Pinecone scales, where do I get them?

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I have seen the pinecone scales on a few other things to make, where do I get these or do you somehow get them from real pinecones. If so, how?
  6 answers
  • Linda B Linda B on Aug 11, 2015
    Once pinecones dry thoroughly, the individual "scales" should be easy to separate from their base. Just wear some gloves, since they're prickly!

  • Linda Hanson Linda Hanson on Aug 11, 2015
    Once you start searching for your pine cones you will be amazed at how many different looking ones you will find! In your own neighborhood or the sides of the roads as you drive anywhere. My poor hubbie is just starting to get used to me shouting STOP THE CAR!! and I scramble out of the car with a bag or basket in hand. LOLOL i KEEP BAGS AND COLAPSABLE BASKETS AND A PAIR OF GARDEN GLOVES AND SHEERS IN THE CARS FOR JUST SUCH EMERGENCIES lol You can also use a lot of natural grasses and leaves and acorns and once you get started you will never stop! Clean them for bugs-when you gather your own pine cones I would suggest giving them a nice hot quick soapy bath and then drying them on an aluminum foil or parchment paper covered baking sheet ( sometimes they will have a bit of sap that leaks off and you will never get it off your baking sheet) in the oven on a pretty low temp- say 200 or 225( this might take a few hours but your house will smell amazing LOL) This will the bugs that come tucked inside and they won't get loose in your house AND the cones will usually open up nicely for you to be able to pull the scales off. You can use pincers( they might be called plyers? I didn't ask the hubbie LOL OR you can also cut them off with garden sheers and sometimes house hold scissors. Some pine cones are rather hard spikey or sharp and you will do a real number on your fingers if you need to pull a lot of this type of cones apart. Don't forget to add a good coat of varnish - or shelac them when you're done to preserve them and make them waterproof for using on outdoor projects. This makes them easier to dust for indoor projects to. Use flat finish if you prefer a natural look but like to use semi-gloss or high gloss. Just me - I like shiny. Don't forget to post pics for us to see your finished project. I wouldn't heat grass or leaves in the oven but add some protective varnish to preserve it and you'll have a crafty/artsy project that will last for decades!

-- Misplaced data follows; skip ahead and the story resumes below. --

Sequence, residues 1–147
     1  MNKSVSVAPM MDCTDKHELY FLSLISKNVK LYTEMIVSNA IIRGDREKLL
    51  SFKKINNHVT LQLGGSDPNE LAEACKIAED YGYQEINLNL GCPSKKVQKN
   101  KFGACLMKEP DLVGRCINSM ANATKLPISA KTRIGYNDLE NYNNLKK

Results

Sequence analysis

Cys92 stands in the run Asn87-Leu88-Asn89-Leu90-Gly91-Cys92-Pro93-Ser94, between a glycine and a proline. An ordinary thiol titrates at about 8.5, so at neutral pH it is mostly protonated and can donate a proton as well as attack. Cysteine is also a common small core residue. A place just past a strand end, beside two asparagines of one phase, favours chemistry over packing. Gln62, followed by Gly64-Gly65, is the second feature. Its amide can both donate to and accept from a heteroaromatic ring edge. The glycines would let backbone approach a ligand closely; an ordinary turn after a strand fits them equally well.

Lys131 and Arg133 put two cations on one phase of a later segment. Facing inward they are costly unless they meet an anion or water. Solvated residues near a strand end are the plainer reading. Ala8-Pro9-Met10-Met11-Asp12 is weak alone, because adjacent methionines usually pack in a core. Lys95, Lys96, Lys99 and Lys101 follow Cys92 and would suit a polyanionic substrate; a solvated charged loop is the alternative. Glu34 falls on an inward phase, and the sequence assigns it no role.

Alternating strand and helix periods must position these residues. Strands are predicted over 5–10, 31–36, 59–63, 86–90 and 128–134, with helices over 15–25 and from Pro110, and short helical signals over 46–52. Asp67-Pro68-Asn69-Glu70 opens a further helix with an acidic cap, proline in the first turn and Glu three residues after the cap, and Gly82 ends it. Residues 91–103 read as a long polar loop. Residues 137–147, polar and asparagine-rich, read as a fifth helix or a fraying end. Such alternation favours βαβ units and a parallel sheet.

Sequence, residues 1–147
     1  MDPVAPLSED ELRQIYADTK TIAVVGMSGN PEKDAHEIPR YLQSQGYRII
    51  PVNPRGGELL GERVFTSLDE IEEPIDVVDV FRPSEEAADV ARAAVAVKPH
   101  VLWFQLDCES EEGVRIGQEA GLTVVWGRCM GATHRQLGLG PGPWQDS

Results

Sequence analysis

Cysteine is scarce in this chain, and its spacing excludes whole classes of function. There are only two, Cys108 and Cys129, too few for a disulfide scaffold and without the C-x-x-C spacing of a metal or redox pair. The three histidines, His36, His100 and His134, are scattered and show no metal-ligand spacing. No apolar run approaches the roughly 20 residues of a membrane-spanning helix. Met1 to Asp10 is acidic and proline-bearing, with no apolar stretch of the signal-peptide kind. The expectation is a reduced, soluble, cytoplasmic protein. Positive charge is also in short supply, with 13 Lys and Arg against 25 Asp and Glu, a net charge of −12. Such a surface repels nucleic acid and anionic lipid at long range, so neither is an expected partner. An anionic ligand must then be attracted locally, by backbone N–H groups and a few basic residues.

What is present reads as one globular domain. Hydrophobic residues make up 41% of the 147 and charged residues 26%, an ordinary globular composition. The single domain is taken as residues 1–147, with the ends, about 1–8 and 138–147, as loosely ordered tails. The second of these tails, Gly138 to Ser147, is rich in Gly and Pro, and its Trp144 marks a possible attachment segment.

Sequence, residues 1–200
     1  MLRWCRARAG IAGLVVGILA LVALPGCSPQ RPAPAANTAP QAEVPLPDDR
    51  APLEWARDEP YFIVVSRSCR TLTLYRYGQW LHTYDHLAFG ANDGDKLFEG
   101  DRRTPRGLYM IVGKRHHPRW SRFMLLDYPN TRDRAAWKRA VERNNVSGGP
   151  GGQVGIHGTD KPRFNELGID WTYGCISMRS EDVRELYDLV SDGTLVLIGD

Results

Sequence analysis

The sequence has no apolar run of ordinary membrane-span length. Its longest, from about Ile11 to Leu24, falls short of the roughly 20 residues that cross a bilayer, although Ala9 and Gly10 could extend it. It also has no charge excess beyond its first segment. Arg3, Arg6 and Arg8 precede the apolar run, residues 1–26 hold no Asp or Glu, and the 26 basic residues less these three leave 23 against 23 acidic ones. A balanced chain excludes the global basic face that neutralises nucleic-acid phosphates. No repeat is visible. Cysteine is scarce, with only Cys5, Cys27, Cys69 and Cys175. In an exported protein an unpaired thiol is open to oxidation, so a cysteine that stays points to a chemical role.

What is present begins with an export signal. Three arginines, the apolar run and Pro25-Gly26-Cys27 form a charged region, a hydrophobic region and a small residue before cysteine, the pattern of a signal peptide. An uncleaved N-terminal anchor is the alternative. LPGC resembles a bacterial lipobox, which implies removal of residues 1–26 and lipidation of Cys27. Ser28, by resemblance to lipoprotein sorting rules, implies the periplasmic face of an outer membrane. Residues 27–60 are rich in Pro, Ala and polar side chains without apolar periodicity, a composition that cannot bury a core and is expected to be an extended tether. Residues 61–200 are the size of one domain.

• Bob Link Bob Link on Aug 11, 2015
    I would love to send you a box full there all over my yard

  • Sherry Poore Sherry Poore on Aug 11, 2015
    find someone who has them in their yard or go to the forest and gather some up.

  • Louise Louise on Aug 11, 2015
    i have about a million.